Cumulative Mpox Cases - Credit Our World In Data
After simmering for decades in west and central Africa, 16 months ago Monkeypox (aka `Mpox') burst onto the international scene (see WHO Europe: Statement By WHO Regional Director On Monkeypox Outbreak Investigation) following reports of cases in 12 non-endemic countries.
In July of 2022 the WHO Director Declared Monkeypox A Public Health Emergency Of International Concern (PHEIC). New case reports peaked in the fall of 2022, and continue today at a much reduced level.
Although the WHO discontinued their PHEIC status for Mpox last May, concerns over the future spread, and evolution, of this virus remain. Many countries do not screen for, or publicly report cases, and the true incidence of the disease is hard to quantify.
While many were surprised by this sudden epidemic, Monkeypox's spread out of Africa had been long predicted (see EID Journal: Reemergence of Human Monkeypox and Declining Population Immunity - Nigeria, 2017–2020).
Like all viruses, Mpox continues to evolve and diversify, as discussed in the 2014 EID Journal article Genomic Variability of Monkeypox Virus among Humans, Democratic Republic of the Congo, where the authors cautioned:
Small genetic changes could favor adaptation to a human host, and this potential is greatest for pathogens with moderate transmission rates (such as MPXV) (40). The ability to spread rapidly and efficiently from human to human could enhance spread by travelers to new regions.
On a 2020 report, published by the Bulletin of the World Health Organization, researchers warned that our waning immunity to smallpox put society at greater risks of seeing Monkeypox epidemics (see WHO: Modelling Human-to-Human Transmission of Monkeypox).
While the vast majority of Monkeypox cases have occurred among men who reported recent male-to-male sexual contact (MMSC), a small - but notable - number of cases reported no such activity.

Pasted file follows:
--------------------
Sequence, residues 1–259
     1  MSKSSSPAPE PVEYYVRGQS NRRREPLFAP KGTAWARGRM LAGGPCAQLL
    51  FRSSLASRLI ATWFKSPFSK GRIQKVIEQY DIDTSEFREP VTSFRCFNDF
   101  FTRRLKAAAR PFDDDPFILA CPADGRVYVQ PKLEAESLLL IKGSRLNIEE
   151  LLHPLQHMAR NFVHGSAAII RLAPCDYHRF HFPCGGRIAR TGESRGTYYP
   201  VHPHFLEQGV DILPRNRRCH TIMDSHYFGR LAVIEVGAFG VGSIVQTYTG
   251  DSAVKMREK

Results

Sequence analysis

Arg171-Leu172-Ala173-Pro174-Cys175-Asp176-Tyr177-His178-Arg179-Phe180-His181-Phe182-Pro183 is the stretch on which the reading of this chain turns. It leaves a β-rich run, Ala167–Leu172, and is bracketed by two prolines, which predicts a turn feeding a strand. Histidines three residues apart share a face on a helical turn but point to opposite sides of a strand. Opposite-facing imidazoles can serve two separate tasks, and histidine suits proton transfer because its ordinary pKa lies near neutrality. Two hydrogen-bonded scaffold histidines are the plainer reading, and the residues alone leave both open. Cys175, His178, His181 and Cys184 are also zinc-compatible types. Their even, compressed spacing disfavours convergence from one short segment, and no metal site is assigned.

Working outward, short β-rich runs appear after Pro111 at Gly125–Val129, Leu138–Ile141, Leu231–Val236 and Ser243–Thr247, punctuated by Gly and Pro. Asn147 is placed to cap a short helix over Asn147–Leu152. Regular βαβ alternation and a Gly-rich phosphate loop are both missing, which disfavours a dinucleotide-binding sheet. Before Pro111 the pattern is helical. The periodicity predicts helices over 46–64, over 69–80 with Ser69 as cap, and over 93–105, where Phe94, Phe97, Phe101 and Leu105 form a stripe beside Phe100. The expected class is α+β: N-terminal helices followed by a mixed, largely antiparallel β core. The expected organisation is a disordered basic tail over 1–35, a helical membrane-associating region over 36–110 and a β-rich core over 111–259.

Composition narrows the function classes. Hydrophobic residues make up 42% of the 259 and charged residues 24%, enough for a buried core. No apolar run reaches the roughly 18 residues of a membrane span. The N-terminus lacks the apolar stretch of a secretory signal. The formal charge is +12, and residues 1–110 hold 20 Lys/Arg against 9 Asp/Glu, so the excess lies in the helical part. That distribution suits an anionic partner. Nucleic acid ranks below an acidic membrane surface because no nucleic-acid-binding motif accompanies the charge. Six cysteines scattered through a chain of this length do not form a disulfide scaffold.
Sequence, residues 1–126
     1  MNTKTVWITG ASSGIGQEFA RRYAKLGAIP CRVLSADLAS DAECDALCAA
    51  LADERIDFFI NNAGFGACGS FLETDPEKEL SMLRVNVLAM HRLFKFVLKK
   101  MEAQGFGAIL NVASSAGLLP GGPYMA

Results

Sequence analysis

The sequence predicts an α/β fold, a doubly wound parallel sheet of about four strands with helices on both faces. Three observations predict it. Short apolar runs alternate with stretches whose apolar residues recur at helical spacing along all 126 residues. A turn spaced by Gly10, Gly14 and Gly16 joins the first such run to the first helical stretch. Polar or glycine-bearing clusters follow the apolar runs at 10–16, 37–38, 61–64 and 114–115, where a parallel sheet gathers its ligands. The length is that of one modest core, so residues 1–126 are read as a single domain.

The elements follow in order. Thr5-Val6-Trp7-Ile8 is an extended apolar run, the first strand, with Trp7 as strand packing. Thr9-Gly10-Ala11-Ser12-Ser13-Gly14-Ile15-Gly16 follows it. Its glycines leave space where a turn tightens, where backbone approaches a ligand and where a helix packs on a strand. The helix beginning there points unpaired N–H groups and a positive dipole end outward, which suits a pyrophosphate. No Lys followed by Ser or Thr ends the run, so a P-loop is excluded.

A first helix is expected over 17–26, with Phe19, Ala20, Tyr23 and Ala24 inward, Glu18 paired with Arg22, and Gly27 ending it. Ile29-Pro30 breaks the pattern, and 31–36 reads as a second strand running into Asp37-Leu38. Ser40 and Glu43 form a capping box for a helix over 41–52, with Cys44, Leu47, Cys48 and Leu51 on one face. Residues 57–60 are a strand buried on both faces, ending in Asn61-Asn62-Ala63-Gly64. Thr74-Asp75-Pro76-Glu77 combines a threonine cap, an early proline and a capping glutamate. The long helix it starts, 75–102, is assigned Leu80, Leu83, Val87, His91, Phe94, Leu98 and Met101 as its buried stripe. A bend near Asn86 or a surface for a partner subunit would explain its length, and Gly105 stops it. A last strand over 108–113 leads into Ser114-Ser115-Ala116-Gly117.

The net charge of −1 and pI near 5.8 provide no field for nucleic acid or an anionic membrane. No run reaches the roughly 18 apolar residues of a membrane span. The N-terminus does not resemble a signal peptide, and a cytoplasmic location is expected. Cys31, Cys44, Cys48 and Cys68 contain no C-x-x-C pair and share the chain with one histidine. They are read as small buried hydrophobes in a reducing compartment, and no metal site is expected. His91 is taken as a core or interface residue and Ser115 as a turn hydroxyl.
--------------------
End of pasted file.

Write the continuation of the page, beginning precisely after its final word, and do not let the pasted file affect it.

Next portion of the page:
A recent MMWR report (Possible Exposures Among Mpox Patients Without Reported Male-to-Male Sexual Contact). suggested other possible routes - including fomites - might be a factor.
Over the summer of 2022 we saw several studies which detailed extensive environmental contamination with the Mpox virus - both in household and hospital settings - including:
MMWR: High-Contact Object & Surface Contamination in a Household of Persons with Monkeypox Virus Infection
Eurosurveillance: Surface Contamination in Hospital Rooms Occupied by Patients Infected with Monkeypox
This has implications both for health care workers, and for those who share a residence with someone who is infected, along with wildlife which could be conceivably exposed via wastewater (see WOAH: How Monkeypox Could Spill Back To Animals From Humans).
Claude Kwe Yinda1, Dylan H. Morris1, Robert J. Fischer, Shane Gallogly, Zachary A. Weishampel, Julia R. Port, Trenton Bushmaker, Jonathan E. Schulz, Kyle Bibby, Neeltje van Doremalen, James O. Lloyd-Smith, and Vincent J. Munster
An outbreak of human mpox infection in nonendemic countries appears to have been driven largely by transmission through body fluids or skin-to-skin contact during sexual activity. We evaluated the stability of monkeypox virus (MPXV) in different environments and specific body fluids and tested the effectiveness of decontamination methodologies.
MPXV decayed faster at higher temperatures, and rates varied considerably depending on the medium in which virus was suspended, both in solution and on surfaces. More proteinaceous fluids supported greater persistence. Chlorination was an effective decontamination technique, but only at higher concentrations. Wastewater was more difficult to decontaminate than plain deionized water; testing for infectious MPXV could be a helpful addition to PCR-based wastewater surveillance when high levels of viral DNA are detected.